Turkish President Recep Tayyip Erdogan
Turkish President Recep Tayyip ErdoganReuters

Turkish President Recep Tayyip Erdogan said on Tuesday that Ankara is ending the peace process with the Kurds in the face of attacks against Turkish targets, even as his fighter jets launched an attack on Kurdish forces.

"It is not possible to carry on the (peace) process with those who target our national unity and brotherhood," Erdogan told a news conference at an Ankara airport before leaving for a visit to China - in an ironic statement given his demand that Israel hold peace talks with the Palestinian Arabs despite constant terror attacks.

"Those who exploit the tolerance of the state and the people will receive the answer they deserve as soon as possible," he said.

Realizing that threat, Turkish jets on Tuesday hit Kurdish militants in southeastern Turkey after the group fired on security forces, the army said.

"Two F-16 jets carried out air strikes at 3:10 p.m. local time against the terrorist group" in a mountainous region bordering Iraq, the army said in a statement, referring to the outlawed Kurdistan Workers' Party (PKK). "The targets were directly hit," it said.

The air strikes are believed to the first on Kurdish militants inside Turkey since a 2011 botched raid by F-16 jets that killed 34 civilians near Uludere in Kurdish-majority southeast. The dead turned out to have been mainly cigarette smugglers.

The Turkish military has stepped up strikes against Kurdish militants inside Turkey and in northern Iraq after a series of deadly attacks blamed on the PKK, designated as a terrorist group by Ankara and its Western allies.

End of the peace talks, US backs Turkey

Turkey, launched peace negotiations with the jailed PKK leader Abdullah Ocalan in late 2012 when Erdogan was prime minister.

But the process has been left in tatters after a bombing blamed on Islamic State (ISIS) in a mainly Kurdish border town last week that killed 32 people and triggered revenge attacks by Kurdish militants against Turkish security forces they accuse of cooperating with the jihadists.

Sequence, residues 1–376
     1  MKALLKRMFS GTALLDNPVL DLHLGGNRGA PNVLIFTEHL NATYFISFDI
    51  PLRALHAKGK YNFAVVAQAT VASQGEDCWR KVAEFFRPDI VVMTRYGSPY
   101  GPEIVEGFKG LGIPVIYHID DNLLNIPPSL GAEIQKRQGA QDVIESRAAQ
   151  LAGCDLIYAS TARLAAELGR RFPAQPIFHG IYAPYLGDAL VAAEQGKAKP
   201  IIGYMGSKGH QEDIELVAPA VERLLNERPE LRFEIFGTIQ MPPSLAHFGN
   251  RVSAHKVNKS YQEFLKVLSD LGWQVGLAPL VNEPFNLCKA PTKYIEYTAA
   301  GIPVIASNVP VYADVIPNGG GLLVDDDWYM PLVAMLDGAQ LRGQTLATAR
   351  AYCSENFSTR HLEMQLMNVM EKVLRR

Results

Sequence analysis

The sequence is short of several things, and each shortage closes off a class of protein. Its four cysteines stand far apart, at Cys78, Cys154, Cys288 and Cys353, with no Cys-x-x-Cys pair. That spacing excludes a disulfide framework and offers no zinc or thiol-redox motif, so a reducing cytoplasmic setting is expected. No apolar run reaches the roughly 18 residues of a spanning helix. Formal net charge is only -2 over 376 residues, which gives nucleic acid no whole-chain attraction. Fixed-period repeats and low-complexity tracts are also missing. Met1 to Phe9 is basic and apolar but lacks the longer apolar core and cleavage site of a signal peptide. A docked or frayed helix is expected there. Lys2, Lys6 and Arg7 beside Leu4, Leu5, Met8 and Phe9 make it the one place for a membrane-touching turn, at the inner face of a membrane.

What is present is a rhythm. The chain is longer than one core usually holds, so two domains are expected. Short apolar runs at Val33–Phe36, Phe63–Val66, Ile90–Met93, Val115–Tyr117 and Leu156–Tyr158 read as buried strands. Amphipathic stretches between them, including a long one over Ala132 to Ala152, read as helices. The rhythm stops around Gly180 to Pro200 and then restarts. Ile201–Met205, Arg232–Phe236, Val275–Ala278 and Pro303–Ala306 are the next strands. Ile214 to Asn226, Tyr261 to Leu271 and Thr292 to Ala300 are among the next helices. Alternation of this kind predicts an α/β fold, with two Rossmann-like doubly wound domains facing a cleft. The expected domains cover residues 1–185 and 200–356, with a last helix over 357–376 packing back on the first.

Those accusations come after video evidence showed how the Turkish government smuggled weapons in to Syria to aid jihadist forces, in a botched attempt in which agents were arrested on the border.

Since the recent bombing and Kurdish backlash, Ankara has launched strikes against ISIS in Syria as well as PKK positions in northern Iraq.

The PKK warned after the aerial bombardments that the truce in Turkey, which has largely been observed since March 2013, has now lost all meaning.

Heartened by Ankara's readiness to step up its fight against ISIS, the United States backed the right of its NATO ally to bomb the PKK which Turkey and the West categorize as a terror group.

The PKK launched its armed campaign for self rule in 1984 and since then tens of thousands of people have died.

Erdogan on Tuesday vowed to press ahead with anti-ISIS and anti-PKK operations.

"Any step back is out of the question. This is a process and this process will continue with the same determination."

NATO vowed strong support for Turkey's fight against "terrorism" at an emergency meeting Tuesday called to discuss Ankara's strikes against the ISIS fighters and Kurdish rebels.

Erdogan also said the formation of an "ISIS-free" safe zone in the north of war-torn Syria would help the return of many refugees.

"The clearance of those regions and the creation of a safe zone there will lay the ground for 1.7 million citizens here to return home," he said.

PKK attacks on the rise

After the air strikes against PKK bases in northern Iraq, attacks on Turkish soil blamed on Kurdish militants have intensified.

The military said an army sergeant was shot dead by a Kurdish militant near the Iraqi border Tuesday - a day after gunmen killed a paramilitary police commander.

Erdogan won plaudits for introducing reforms for Turkey's Kurdish minority and many Kurds had backed his ruling Justice and Development Party (AKP).

But in the June 7 election, the AKP lost its overall majority for the first time since it came to power in 2002 and Erdogan failed to win backing for his ambition to create a presidential system.

But in a breakthrough for Kurds, the pro-Kurdish HDP party, which the AKP charges is a PKK front, won 80 seats thanks to support from non-Kurdish voters, wrecking AKP hopes of a big majority.

The HDP is now accusing Erdogan of trying to force early elections to attract the nationalist vote and increase the AKP representation in parliament.

"There is no single crime that can be attributed to us. Our only crime is to win 13% of the vote," the party's co-chair Selahattin Demirtas said.

"One of the main objectives of the current air, land and media operations is to harm the HDP in early elections," he said.

Erdogan said on Tuesday he was against closing the HDP but that lawmakers linked with the PKK must be stripped of their immunity and face prosecution.

AFP contributed to this report.